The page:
There are around 16,600 mountains in Japan, give or take a few. That's more than double the amount of mountains in California, which has somewhere around 8,000 mountains and is almost the same land size as the island nation. It's an astounding fact, and it also makes planning a hike anywhere besides the ultra-famous Mt. Fuji an overwhelming prospect.
If you're after a day hike while visiting Tokyo, there are some amazing mountains in the Okutama and Tanzawa areas that offer impressive views of Mt. Fuji, but some of the best ridgelines to hike can be found north of Tokyo in the prefectures of Nagano, Toyama, and Gifu. These mountains are known collectively as the Hida Mountains, or, more commonly, the Northern Japanese Alps.
What follows is a comprehensive, first-hand account of hiking the Hida Mountains. Scroll on, dig in, then book your own trip now that travel to Japan is back on the menu!
What to Know About Hiking in the Japanese Alps
The Northern Alps are home to a network of trails and huts that give hikers of all ages and skill levels access to everything they need to adventure comfortably at elevation for days or weeks at a time. Hiking in the alps is like a choose-your-own-adventure book: just pick a starting point and an endpoint and there will almost certainly be a route you can take.
The hiking trails are mostly well maintained adn there are an abundance of signs and postings to guide you, plus a surprising amount of ladders and chains to help out when navigating tricky sections.
While there are populations of black bears in the mountains, you will not need a bear canister—usually having a bear bell or talking with a hiking partner is enough to keep them away. You may find yourself face-to-face with wild monkeys as well, just be sure to give them their space and not to get too close.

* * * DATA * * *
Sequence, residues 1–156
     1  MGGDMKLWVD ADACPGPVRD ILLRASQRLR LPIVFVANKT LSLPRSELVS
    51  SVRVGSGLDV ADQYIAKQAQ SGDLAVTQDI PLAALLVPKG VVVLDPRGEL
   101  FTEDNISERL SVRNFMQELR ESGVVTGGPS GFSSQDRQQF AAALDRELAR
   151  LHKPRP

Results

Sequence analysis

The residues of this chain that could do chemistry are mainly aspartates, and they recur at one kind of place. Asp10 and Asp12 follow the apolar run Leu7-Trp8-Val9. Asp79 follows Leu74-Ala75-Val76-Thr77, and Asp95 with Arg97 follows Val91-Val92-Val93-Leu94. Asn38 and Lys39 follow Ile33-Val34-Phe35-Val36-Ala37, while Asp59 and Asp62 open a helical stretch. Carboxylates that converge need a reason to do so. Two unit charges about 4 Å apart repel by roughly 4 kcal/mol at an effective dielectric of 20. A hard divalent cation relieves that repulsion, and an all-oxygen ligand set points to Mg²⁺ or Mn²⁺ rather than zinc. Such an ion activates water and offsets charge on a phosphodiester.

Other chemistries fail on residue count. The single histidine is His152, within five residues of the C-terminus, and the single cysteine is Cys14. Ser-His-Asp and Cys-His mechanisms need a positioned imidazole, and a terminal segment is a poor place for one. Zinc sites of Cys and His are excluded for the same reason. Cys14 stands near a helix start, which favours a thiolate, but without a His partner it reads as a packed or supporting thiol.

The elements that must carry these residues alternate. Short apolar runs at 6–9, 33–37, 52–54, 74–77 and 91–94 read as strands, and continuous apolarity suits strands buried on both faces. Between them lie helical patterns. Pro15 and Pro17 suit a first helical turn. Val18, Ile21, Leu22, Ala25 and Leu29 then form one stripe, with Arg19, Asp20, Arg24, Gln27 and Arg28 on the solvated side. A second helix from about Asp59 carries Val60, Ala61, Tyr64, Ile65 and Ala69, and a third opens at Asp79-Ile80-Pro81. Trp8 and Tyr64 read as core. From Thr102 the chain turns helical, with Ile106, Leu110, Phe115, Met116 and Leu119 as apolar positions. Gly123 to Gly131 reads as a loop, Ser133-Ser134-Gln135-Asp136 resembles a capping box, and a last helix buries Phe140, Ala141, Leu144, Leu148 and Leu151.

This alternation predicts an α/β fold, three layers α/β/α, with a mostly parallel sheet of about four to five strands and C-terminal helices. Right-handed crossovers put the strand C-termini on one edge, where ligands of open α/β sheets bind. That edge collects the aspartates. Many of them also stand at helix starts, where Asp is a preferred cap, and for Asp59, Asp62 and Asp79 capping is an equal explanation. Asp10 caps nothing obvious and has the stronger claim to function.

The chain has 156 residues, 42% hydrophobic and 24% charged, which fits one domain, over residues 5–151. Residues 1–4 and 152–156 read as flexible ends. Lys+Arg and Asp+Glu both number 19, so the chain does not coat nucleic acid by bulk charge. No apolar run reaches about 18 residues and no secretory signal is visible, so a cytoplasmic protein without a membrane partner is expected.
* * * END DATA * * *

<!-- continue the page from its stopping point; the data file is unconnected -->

Weather in the mountains is known to change rapidly thanks to the geographical location of the mountain range between the Sea of Japan and the Pacific Ocean. If bad weather does strike, finding a last-minute exit point is fairly easy, as the ridgelines are full of access points. Being able to hop into the mountains at one point, and then exit and be able to make it comfortably back to civilization without too much hassle is a testament to how versatile the accessibility of hiking in the Japanese Alps can be.
When to Visit
Generally the best time to hike in the Northern Alps is when the hut system is open for business, which is from late April to early November. The times change depending on what elevation you plan to hike at—anywhere that receives a lot of snow won’t have any open huts along the hiking routes by November.
This is not to say you can’t go in the winter. Some of the best backcountry skiing and snowboarding can be found around the alps, especially in the Northern Alps, but you'll need to go prepared with your own backcountry kit.
If you can, plan a hiking trip during the fall when the mountain foliage starts to turn colors and the peaks explode into an awesome assortment of reds, oranges, and yellows (usually starting in early October). Autumn attracts many hikers from all over Japan, so expect the tent sites and huts to be more crowded around this time of year.
Tips for Planning a Trip to the Japanese Alps
Even if you plan on staying in a tent site and not sleeping in the huts, it is best to check and see if you will need a reservation or not. After COVID-19, many huts have switched to a system of reservations only, and there are few if any spaces to pitch a tent besides the designated sites. Sometimes you can accomplish this online from their website, but some of the websites are fairly old and you’ll have to dig around for the information on whether a reservation is needed or not. Google Translate is your close friend in this case, but a few short Japanese phrases can get you through a phone reservation as well.
How to Check the Weather
This can be said of any hike in mountainous regions around the world, but the weather can change rapidly in the Japanese Alps. It's worth checking the weather often before the day of your hike. There are a few websites, like Supercweather or Tenkura that can give fairly accurate and detailed weather forecasts for Japan specifically, as well as Mountain Forecast.
You will be hard pressed to find anywhere that accepts credit cards in the mountains of Japan. Cash can buy you a hot meal at a hut or some souvenirs to celebrate the hike. You’ll often have to pay for water refills at the various huts as well if you aren't staying there. If you are in a tight spot with weather and need to stay at a mountain hut (typhoon season in Japan overlaps with the hiking season), you'll definitely need some cash with you.